July 27, 2018; New York Times
Last week ended with the nation receiving some encouraging news: The economy had one its best quarters of growth. Month after month since October 2010, things have gotten better. Or have they? Readers of NPQ will find it no surprise that for millions of Americans, even those with full-time jobs, affordable housing is far away. While many nonprofits continue to work to ameliorate the human impact of this growing problem, there are few signs that the politics and policies that have allowed the problem to fester are changing.
Since the crash of the housing market in 2007, the demand for rental housing has been strong, outstripping the construction of new units as rents rise higher and higher. More than a decade after the crash, and despite strong overall economic growth, housing from coast to coast often requires more than the salaries of many households, hourly wage workers, and the unemployed can bear. According to a recent New York Times article, “An estimated 12 million Americans, most of them poor, now spend more than half of their earnings on housing…while prices are cooling at the high end of the market in many big cities, the low- and middle-income housing markets in Nevada, Texas, California, Florida and Colorado are so hot, local officials say, that landlords routinely reject subsidized tenants because they can charge more to other renters.”
A report by the National Low-Income Housing Coalition, Out of Reach 2018, documented how widespread the problem is.
In no state, metropolitan area, or county can a worker earning the federal minimum wage or prevailing state minimum wage afford a two-bedroom rental home at fair market rent by working a standard 40-hour week. In only 22 counties out of more than 3,000 counties nationwide can a full-time minimum wage worker afford a one-bedroom rental home at fair market rent.
An already bad situation is being made worse by the federal government’s current view that much of the problem is local and needs to be solved at that local level. Federal tax incentives, which subsidize the development of below-market-rate housing, became less attractive with the passage of last year’s tax cut bill, even if the final version passed wasn’t as damaging to affordable housing as some proposals would have been. Accountant Michael Novogradac was cited by NPQ at the start of 2018 when it examined how significantly these changes would effect affordable housing: “It’s the greatest shock to the affordable-housing system since the Great Recession.”
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While federal policy may decrease construction of new units, HUD Secretary Ben Carson is also pushing to reduce funding for rent subsidies and has proposed increasing the rents paid by low-income renters. While telling Congress that he continues “to advocate for fiscal responsibility as well as compassion,” HUD Secretary Ben Carson has proposed raising the maximum rents paid by the poorest households in public housing to $150 a month from $50.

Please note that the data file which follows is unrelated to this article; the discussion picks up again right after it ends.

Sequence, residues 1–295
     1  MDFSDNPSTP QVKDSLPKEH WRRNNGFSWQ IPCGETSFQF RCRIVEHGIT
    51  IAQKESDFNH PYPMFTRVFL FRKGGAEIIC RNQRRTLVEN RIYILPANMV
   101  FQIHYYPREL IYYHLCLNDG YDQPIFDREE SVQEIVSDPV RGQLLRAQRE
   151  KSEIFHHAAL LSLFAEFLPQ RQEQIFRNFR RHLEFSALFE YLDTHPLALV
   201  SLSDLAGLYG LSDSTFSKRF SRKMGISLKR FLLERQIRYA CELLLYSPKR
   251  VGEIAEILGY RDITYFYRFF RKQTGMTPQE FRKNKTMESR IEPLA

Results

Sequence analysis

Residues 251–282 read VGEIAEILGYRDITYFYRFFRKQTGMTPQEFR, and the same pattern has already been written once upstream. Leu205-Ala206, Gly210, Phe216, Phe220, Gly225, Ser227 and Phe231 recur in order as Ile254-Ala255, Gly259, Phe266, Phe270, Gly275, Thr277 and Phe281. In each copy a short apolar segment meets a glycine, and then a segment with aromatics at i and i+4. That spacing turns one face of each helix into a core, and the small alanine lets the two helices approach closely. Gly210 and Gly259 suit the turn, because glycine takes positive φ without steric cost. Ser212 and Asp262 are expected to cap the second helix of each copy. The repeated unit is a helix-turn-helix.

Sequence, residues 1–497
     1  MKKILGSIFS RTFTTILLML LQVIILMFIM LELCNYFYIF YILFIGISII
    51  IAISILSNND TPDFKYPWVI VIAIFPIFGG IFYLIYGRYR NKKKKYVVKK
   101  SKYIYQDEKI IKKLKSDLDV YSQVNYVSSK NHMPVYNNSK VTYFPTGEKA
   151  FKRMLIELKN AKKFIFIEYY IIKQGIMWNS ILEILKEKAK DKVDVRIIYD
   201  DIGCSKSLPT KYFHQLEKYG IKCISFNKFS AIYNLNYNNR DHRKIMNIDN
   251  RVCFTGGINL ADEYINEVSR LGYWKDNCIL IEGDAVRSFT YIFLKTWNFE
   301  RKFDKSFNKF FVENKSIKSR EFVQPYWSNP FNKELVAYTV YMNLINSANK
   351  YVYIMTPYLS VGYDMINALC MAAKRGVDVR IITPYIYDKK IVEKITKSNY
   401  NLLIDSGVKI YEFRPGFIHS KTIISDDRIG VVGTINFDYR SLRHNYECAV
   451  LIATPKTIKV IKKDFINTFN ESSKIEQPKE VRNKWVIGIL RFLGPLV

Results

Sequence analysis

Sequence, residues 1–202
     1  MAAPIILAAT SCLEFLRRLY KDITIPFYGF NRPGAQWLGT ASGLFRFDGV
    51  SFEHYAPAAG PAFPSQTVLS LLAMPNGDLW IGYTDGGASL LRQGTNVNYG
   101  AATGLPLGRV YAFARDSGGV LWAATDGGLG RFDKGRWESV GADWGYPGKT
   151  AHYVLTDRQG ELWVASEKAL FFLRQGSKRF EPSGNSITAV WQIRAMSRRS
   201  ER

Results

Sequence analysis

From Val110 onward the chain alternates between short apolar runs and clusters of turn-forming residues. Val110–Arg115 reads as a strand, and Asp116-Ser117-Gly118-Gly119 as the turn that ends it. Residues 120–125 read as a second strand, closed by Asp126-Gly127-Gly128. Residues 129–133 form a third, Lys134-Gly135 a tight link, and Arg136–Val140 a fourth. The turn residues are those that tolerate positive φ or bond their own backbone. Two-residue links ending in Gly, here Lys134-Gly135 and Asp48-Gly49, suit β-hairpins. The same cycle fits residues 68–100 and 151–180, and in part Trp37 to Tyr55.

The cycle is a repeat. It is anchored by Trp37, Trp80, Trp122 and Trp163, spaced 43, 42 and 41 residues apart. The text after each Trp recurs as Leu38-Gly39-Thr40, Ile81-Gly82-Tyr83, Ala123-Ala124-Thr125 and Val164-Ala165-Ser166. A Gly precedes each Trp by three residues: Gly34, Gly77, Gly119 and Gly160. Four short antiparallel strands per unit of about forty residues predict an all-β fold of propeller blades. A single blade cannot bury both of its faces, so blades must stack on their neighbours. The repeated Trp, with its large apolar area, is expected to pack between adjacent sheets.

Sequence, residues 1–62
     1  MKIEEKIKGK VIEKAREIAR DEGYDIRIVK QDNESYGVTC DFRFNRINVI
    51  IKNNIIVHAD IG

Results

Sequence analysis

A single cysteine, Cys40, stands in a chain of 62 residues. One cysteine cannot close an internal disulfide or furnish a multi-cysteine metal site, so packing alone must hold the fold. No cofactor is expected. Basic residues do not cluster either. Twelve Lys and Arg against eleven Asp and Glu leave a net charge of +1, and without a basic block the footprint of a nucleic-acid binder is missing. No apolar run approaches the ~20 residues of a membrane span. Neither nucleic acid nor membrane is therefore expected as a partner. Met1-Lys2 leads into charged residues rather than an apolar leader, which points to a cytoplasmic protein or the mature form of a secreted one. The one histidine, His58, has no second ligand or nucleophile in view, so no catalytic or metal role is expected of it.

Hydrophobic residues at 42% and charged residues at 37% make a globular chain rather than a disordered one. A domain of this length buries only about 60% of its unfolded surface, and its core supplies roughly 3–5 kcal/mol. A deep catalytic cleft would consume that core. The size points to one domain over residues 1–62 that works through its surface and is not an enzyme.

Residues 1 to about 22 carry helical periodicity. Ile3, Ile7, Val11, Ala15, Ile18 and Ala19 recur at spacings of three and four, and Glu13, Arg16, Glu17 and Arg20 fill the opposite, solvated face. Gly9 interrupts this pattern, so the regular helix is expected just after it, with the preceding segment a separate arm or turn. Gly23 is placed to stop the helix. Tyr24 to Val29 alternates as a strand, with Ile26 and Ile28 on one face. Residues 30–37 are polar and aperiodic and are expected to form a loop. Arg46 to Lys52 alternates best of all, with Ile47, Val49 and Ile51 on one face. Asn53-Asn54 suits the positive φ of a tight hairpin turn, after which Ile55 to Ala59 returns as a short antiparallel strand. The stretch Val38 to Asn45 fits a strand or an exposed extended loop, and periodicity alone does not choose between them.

According to the Times, Secretary Carson acknowledges the crisis in most of his speeches. “Alarmingly high numbers of Americans continue to pay more than half of their incomes toward rent…many millions remain mired in poverty, rather than being guided on a path out of it.” He sees the cause as primarily one of red tape and bureaucracy holding the private market back from building new housing and keeping rents affordable.
Raffi Williams, Carson’s spokesperson, says, “Subsidies are a piece of the puzzle, but we must also address the regulatory barriers relative to zoning and land use in higher-cost markets that are preventing the construction of new affordable housing. This is not just a federal problem—it’s everybody’s problem.”
NPQ has covered many local responses to the affordable housing shortfall. Private foundations and corporations have recognized that the harm that shortages cause to the quality of life of their communities. The Chan Zuckerberg Initiative’s “efforts to increase affordable housing parallel the plans of Facebook, the source of CZI’s resources, to expand its corporate headquarters in Menlo Park, California. As announced last year, the expanded campus will include 1,500 residential units, with 225 being rented below market rates.” NPQ also has looked at how local government and organizations not normally in the housing business, like libraries, have become involved in increasing affordable housing options. There is a growing use of land trusts to empower nonprofits to protect the erosion of affordable housing, too.
Energizing state and local governments to do their part and bringing the philanthropic and nonprofit community on board can be part of the solution. But without a robust national effort, those efforts will fall short. Chad Williams, executive director of the Southern Nevada Regional Housing Authority, told the Times that “to be brutally honest, I think that we aren’t really getting any help right now out of Washington, and the situation has gotten really bad over the last two years.…I think Carson’s ideas, that public housing shouldn’t be multigenerational, are noble. But right now, these programs are a stable, Band-Aid fix, and we really need them.”—Martin Levine